Landing an affordable mortgage may become even more difficult in Canada if the country’s banking regulator moves forward with rules reducing the length of uninsured home loans.
The move — if it happens — is meant to prevent a housing market collapse in the face of record-high prices, record-low interest rates and the appearance of potentially irresponsible lending practices.
But it will likely raise the alarm in the home lending industry, which has already been complaining about Finance Minister Jim Flaherty’s move last year to tighten mortgage rules.
Flaherty last year reduced the maximum length of a mortgage covered by Canada’s government mortgage insurer, CMHC, to 25 years from 30, and reduced the amount you can borrow against the value of your home.
But the Office of the Superintendent of Financial Institutions (OSFI), which regulates Canada’s banking sector, is apparently growing worried about uninsured mortgages — those not covered by CMHC.
OSFI is contemplating limiting the maximum length for any mortgage to 25 years, from the current 35, according to Canadian Mortgage Trends.
If that were to happen, lenders would no longer be able to reduce monthly payments by stretching out a mortgage’s amortization over 35 years, and monthly payments for many prospective borrowers would have to be higher. That, in turn, would price some people out of the market.
The Globe and Mail cites a banker's estimate that about 40 per cent of uninsured mortgages have amortization periods greater than 25 years.
The volume of home sales in Canada was 25 per cent lower in April of this year than it was during the same period last year, although prices have held up and are still about 62 per cent higher, on average, than in the U.S.
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Some economists expect prices to start following the downward trend in sales at some point this year. Will Dunning, an economist with the Canadian Association of Accredited Mortgage Professionals, predicts house prices will start falling this year and has estimated that Flaherty’s rule changes will kill 190,000 jobs related to construction and real estate. Further tightening of the rules would likely further dampen housing activity.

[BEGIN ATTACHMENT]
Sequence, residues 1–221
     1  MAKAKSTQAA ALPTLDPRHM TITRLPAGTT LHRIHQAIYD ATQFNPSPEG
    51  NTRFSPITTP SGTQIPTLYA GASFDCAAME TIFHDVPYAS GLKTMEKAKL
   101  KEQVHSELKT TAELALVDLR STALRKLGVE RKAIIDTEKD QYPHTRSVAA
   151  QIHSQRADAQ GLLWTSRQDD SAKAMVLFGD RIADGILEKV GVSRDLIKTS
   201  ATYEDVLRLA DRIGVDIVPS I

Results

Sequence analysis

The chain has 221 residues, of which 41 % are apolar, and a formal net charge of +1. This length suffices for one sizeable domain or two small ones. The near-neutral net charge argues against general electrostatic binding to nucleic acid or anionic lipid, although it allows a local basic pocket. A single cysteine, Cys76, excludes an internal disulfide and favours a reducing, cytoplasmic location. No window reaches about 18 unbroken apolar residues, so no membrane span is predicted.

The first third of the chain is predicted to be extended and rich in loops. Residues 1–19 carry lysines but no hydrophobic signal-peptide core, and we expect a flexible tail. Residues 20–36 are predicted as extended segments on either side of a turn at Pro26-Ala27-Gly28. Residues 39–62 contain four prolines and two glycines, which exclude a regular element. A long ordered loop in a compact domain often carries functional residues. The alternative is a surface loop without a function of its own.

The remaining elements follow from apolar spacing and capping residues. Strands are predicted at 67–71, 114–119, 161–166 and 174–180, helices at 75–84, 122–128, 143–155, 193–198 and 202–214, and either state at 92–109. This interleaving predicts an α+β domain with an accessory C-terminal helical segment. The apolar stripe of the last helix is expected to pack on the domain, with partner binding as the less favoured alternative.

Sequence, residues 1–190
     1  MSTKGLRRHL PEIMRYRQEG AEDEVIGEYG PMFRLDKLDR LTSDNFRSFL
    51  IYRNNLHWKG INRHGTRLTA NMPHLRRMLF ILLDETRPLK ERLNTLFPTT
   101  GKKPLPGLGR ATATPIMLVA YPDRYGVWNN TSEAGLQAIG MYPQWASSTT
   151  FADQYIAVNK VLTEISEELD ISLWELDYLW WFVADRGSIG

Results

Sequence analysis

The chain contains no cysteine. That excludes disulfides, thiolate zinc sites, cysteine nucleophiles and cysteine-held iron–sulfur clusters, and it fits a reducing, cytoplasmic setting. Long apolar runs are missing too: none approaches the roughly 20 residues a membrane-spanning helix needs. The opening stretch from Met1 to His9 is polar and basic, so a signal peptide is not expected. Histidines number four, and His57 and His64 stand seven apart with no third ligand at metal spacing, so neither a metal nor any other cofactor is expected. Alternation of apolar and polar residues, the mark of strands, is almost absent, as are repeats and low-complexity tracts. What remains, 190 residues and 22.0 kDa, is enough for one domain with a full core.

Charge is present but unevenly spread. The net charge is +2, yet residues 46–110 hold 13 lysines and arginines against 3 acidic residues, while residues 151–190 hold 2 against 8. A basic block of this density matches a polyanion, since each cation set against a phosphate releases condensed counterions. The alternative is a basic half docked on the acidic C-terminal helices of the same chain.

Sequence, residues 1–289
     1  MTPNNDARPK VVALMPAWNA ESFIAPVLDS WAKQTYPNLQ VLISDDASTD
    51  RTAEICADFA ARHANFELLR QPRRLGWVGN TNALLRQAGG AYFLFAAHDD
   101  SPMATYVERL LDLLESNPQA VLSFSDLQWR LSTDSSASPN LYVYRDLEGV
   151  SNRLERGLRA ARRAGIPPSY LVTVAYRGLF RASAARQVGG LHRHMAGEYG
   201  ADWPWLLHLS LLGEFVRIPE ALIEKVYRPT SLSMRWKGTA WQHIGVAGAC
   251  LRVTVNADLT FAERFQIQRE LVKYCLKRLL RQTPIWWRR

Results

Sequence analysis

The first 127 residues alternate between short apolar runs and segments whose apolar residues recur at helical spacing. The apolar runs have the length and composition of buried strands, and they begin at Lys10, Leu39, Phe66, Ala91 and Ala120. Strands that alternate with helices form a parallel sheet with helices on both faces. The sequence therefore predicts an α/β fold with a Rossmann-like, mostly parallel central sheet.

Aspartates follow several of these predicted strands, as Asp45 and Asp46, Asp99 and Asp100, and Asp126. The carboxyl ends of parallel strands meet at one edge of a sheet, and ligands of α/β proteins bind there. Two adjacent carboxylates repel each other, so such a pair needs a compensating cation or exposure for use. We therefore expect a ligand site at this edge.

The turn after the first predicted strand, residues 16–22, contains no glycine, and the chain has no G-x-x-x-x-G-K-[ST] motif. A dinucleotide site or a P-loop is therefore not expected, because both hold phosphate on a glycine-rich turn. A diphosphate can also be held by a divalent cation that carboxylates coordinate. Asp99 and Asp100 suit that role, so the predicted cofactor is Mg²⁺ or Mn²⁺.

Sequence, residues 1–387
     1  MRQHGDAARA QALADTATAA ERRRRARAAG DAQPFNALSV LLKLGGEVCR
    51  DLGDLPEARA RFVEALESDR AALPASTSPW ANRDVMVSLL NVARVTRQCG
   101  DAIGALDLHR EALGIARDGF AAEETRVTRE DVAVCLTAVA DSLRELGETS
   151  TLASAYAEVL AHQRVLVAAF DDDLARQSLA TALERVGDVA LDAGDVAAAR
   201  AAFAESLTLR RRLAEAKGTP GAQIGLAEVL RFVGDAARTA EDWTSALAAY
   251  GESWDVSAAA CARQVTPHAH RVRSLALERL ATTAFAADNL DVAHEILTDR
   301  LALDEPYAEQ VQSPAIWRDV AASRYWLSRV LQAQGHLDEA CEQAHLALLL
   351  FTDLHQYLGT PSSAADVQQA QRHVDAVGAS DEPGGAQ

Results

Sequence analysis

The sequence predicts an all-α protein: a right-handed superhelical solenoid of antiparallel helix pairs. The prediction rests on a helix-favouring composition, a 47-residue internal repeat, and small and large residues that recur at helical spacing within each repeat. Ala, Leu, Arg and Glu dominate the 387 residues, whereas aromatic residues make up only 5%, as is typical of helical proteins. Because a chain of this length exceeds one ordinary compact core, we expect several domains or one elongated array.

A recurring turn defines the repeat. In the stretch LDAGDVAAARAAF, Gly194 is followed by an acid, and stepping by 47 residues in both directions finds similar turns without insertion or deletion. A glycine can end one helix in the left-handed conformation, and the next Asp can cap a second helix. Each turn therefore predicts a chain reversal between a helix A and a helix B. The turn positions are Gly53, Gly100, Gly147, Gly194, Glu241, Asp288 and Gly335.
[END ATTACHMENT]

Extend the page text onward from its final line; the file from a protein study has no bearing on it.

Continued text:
(Not everyone agrees that Flaherty’s rules began the housing market’s slide, as evidence exists some weaker elements of the housing market were already in decline when the rules were put in place.)
In an email to the Globe and Mail, OSFI stressed no decisions have been made.
“We are working to determine the desirability of some changes given current conditions in housing markets and recent trends in household indebtedness,” OSFI spokesman Brock Kruger told the Globe.
Flaherty, Bank of Canada Governor Mark Carney and OSFI have all expressed concerns that Canada’s housing market has become overheated, with prices rising too high and borrowers taking on too much debt.
But the industry has been busily working against Flaherty’s attempts to cool the market, offering rock-bottom interest rates and various forms of discounts and rebates.
Canadian lenders have to get CMHC insurance for any mortgage on which the buyer puts less than 20 per cent down. But in the wake of the tougher CMHC rules, lenders have been increasingly turning to uninsured mortgages with longer amortization periods to get people to buy homes.
Even before the new rules came in, OSFI appeared concerned that segments of Canada’s housing market are beginning to resemble the subprime lending mess in the U.S. in recent years.
Home Capital, a lender that focuses on customers who have been rejected for mortgages by the big banks by offering uninsured loans, was recently singled out by a renowned hedge fund manager as a company that could be in big trouble if house prices decline. (Home Capital claims that everything is fine with its business model.)
Other market observers and investors have even suggested Canada’s banks could face financial difficulties due to their exposure to Canada’s housing market.
“Our review reveals that the average loan/value ratios of U.S. banks just before the housing collapse are similar to those we currently see on residential loans in Canada,” investment research firm Morningstar recently said in a report.
“More important, their distribution is eerily similar. … [I]t appears that the CMHC and the banks have significant risk of losses or impairment to capital levels.”
Despite the negative sentiment recently, Canada’s banks continue to ride high in the rankings of the world’s safest, and economists from Canada’s big banks pretty much unanimously agree the housing market is in for a soft landing, and not a U.S.-style collapse.